When you go on interviews – how happy do the residents seem?
Is another difference that the residency personal statement should focus much more on why you’re choosing your specialty, rather than why you want to be a doctor – since you’re already a doctor? [16:30]
You should definitely highlight specific cases that drew you to that specialty. But it’s still about you on a deep level – what makes you tick?
Do you have any advice on how to choose a specialty? [17:15]
Do a sub-internship. Talk to residents – ask why they chose it, what they like about it. And a lot of people do a transitional residency year, which gives them more time.
What advice do you have for those seeking to go into OBGYN specifically? What traits are critical in this specialty? [18:05]
A lot of people who have trouble choosing between primary care and surgery are attracted to OBGYN since it incorporates both. Because of that, residency directors take your scores and letters of rec very seriously.
In terms of traits – you need to love teamwork, and be willing to pitch in when help is needed. You need a high tolerance for sleep deprivation. You need strong communication ability – OBGYNs give patients a lot of information in a short time to help them make big decisions (such as an emergency c-section). I’ve explained genetic testing to patients who didn’t really know what DNA is. You need to be able to communicate clearly. Another trait is humility. OB residencies want people who are ready to learn and willing to learn from their mistakes.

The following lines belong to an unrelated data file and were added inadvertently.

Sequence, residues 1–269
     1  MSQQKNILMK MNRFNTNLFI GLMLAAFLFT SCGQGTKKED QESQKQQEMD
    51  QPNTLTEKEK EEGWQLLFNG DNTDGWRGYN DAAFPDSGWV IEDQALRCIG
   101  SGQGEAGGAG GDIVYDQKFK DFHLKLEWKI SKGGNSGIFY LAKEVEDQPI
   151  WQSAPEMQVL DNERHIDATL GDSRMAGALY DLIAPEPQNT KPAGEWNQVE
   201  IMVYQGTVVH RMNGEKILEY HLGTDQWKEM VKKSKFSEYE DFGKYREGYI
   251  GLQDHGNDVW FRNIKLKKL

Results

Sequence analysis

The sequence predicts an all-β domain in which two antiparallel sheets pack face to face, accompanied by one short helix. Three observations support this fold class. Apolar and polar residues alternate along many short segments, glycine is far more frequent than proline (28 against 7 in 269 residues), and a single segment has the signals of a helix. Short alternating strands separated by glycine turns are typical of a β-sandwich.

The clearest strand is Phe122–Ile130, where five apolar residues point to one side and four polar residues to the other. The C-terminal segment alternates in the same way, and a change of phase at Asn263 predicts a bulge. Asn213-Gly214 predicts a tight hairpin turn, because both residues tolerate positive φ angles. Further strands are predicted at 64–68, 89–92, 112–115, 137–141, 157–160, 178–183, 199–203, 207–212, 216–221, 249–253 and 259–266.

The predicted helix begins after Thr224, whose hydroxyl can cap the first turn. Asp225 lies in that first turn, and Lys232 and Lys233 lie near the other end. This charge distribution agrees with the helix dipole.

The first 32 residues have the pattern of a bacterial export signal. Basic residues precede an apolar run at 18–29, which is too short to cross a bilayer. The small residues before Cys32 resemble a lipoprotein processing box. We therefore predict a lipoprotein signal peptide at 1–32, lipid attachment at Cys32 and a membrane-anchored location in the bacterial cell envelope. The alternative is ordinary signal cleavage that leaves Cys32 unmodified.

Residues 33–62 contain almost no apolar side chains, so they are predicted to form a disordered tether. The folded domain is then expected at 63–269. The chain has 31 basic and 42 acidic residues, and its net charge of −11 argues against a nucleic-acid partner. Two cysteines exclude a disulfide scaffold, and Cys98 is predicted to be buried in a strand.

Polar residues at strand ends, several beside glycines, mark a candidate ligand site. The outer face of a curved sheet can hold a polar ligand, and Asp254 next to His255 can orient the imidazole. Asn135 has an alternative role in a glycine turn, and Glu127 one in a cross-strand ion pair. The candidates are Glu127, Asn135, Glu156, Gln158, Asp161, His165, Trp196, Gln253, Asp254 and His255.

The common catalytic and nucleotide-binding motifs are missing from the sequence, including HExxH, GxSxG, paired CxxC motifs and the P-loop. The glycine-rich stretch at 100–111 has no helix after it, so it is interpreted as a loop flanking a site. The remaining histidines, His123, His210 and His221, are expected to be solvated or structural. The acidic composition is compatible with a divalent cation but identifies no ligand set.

How has advising applicants changed your perspective? [22:15]
I remember as an applicant, I felt like I had to come across as perfect. Now I think that on the one hand, you’re trying to package yourself as a great student, and on the other hand, you have to show you’re not perfect and you know it. Medicine requires respect and humility – to earn patients’ trust, you have to show a lot of respect.
Perfection is not the key – it’s more self-awareness.
Do you have advice for applicants planning to apply in 2019 or later? [24:00]
It’s so helpful to get started early – the best essays take shape over several months. I suggest people start journaling – knowing they won’t use most of what they write, but it helps to get in the habit of self-reflection.
You get through a first draft and you think it’s a lot of words without direction, but you may find a sentence of two that ring true – and that’s where your real essay begins, that’s where you find your theme. The real question is not why you want to become a doctor or how badly you want it, it’s whether you’re willing to give so much of yourself to others. And you can show that by giving a lot of yourself in your personal statement.
You mentioned journaling. What would I be writing down? [26:00]
You can go through your past – start writing about the experiences you’re thinking about for your application. Write about what you learned, mistakes you made, etc. A lot of what you write you might not use, but it really gets you thinking.
What’s your advice for those who are applying right now? [28:00]
Do not waste precious space talking about what other people have done.
In secondaries, don’t spend too much time describing the school’s programs. They already know about the wonderful programs they offer. Focus on how and why you’re a great fit.
Remember that everything you write in your secondaries is fair game for interviews!
What do you wish I would have asked you? [29:45]
Stress reduction is such a hot topic right now. I actually took a stress reduction class when I was in med school, and it was great. It’s one of the most valuable things I’ve learned (and am still learning).
Whatever relaxes and recharges you, make time for it. The application process is stressful, but it’s not going to get better. So learn how to deal with it. It’s important for yourself and your patients.